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  • About
    • About Biorasi
      • Meet Biorasi

        Biorasi, founded in 2002, has partnered with global
        sponsors to enable FDA, EMA, and multi-venue
        approvals for numerous small molecules and
        biologics. Headquartered in Miami, Florida,
        Biorasi maintains office-based teams
        around the globe.

    • Our People
      • Cultivating The Future

        Biorasi hires the best – from industry and regulatory agency veterans to promising young talent on the rise. Biorasi’s leadership is made up of forward-looking visionaries with an unparalleled commitment to excellence in the services we provide to our sponsors and partners.
    • Our Board
      • Leading the Industry

        Our board is comprised of some of the most brilliant minds working in biopharma. Our directors and advisers help guide the company and act as a vital strategic asset both for Biorasi and our sponsors.
    • Careers
      • Careers

        We are looking to hire the best from inside and outside the industry. If you have an unparalleled commitment to excellence, a passion for making life better, and a drive for success, we’d like to talk to you.
  • Services
    • Study Rescue
      • Study Rescue

        PUTTING STALLING TRIALS BACK ON TRACK

        Biorasi has a long track record of being able to
        right faltering programs. We have worked both
        as an integrated CRO, adding our strengths
        to a trial’s incumbent CRO, as well as a
        transition CRO, by assuming primary
        study management responsibility
        from the incumbent organization.

        Read how Biorasi can
        help rescue your trial

    • Project Management
      • Project Management

        We believe that only fundamentally sound project management can ensure trial success, and that only properly trained project managers, backed up by industry-leading processes, and innovative tools, can ensure sound project management.

    • Regulatory Services
      • Regulatory Services

        Regulatory affairs strategy is one of the biggest hurdles in running clinical trials. Increased trial complexity, regulation, and the need for multi-venue approval are driving this trend. Biorasi’s regulatory team has worked with regulatory agencies around the globe, including the most difficult venues.

    • Safety
      • Safety and Pharmacovigilance

        Biorasi’s best-in-class processes and technologies help our team identify safety trends and risks in sponsor studies quickly, and give us insight on how to resolve them without risking the trial. Fast detection, fast response, and fast resolution ensure our trials always stay on time.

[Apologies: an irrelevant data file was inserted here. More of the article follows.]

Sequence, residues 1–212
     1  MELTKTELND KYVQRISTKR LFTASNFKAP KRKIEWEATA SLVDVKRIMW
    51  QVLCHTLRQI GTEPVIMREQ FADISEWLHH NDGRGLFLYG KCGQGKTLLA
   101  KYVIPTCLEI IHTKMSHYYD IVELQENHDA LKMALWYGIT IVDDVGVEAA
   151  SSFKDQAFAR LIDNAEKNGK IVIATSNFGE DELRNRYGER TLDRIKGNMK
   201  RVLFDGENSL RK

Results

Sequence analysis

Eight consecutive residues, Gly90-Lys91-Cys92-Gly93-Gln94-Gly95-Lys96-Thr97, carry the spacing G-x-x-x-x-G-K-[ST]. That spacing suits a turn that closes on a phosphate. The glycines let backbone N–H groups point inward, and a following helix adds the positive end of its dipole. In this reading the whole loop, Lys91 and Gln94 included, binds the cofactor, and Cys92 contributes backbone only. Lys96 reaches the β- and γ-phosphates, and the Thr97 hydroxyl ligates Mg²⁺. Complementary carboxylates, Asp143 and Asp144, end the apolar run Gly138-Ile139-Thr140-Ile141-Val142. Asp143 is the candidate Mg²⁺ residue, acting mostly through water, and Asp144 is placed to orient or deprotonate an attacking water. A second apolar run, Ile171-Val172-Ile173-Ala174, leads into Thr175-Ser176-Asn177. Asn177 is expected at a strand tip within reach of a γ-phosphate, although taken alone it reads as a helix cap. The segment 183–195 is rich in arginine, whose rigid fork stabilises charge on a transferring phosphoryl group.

• Data Science/Biometrics
      • Data Science & Biometrics

        We make trial data an integral part of guiding trial success. Biorasi builds out standard data structures from the beginning and uses big data-style analytics to make your data immediately useful. This front-loaded approach saves sponsors time and money and minimizes risks.

    • Quality Assurance
      • Quality Assurance

        Biorasi is constantly evolving and improving, always under the guidance of quality first. Our quality team audits our internal functions as well as our sponsor studies to make sure that plans and SOPs are adhered too.

    • Program Development
      • Program Development

        We look at your projects in a global context. Biorasi’s consulting services are built around the idea that trials only realize their maximum value when they part of an optimized and effective holistic drug development program.

  • Therapeutic Areas
    • Autoimmune
      • Autoimmune

        Autoimmune is one of the fastest-growing areas of clinical research, due to increased recognition and incidence of autoimmune diseases i. Biorasi can help with all aspects of managing your next autoimmune trial.

    • Dermatology
      • Dermotology

        Dermatology trials have some very unique challenges. From difficulty in enrolling to compliance in a patient population that is typically much younger than other trials, Biorasi knows how to make your dermatology trial a success.

    • Nephrology
      • Nephrology & Pain

        Biorasi is a leading CRO in nephrology and dialysis-dependent CKD populations. No one understands the nuances of research in the dialysis population better than we do, and no one conducts these studies with our level of professionalism, and attention to the special needs of these patients.

    • Neurology
      • Neurology Trials

        Biorasi’s project managers and clinicians understand the complexities of neurodegenerative, pain, and psychiatric disorders. Our unique positioning and experience, coupled with our strong network and relationships with specialized sites give us an unparalleled advantage in neurology trials.

    • Oncology
      • Oncology Trials

        Many CROs specialize in oncology, however few have the versatility to offer full-service trial management like Biorasi. Find out how our integrative approach to oncology makes a real difference in the success of your next oncology trial.

    • Women's Health
      • Women’s Health Trials

        Trusting your women’s health trials to an expert like Biorasi guarantees every trial you run will be optimized. With years of experience and a broad portfolio of past studies, Biorasi is your best partner in women’s health clinical research.

    • Medical Devices
      • Medical Device Trials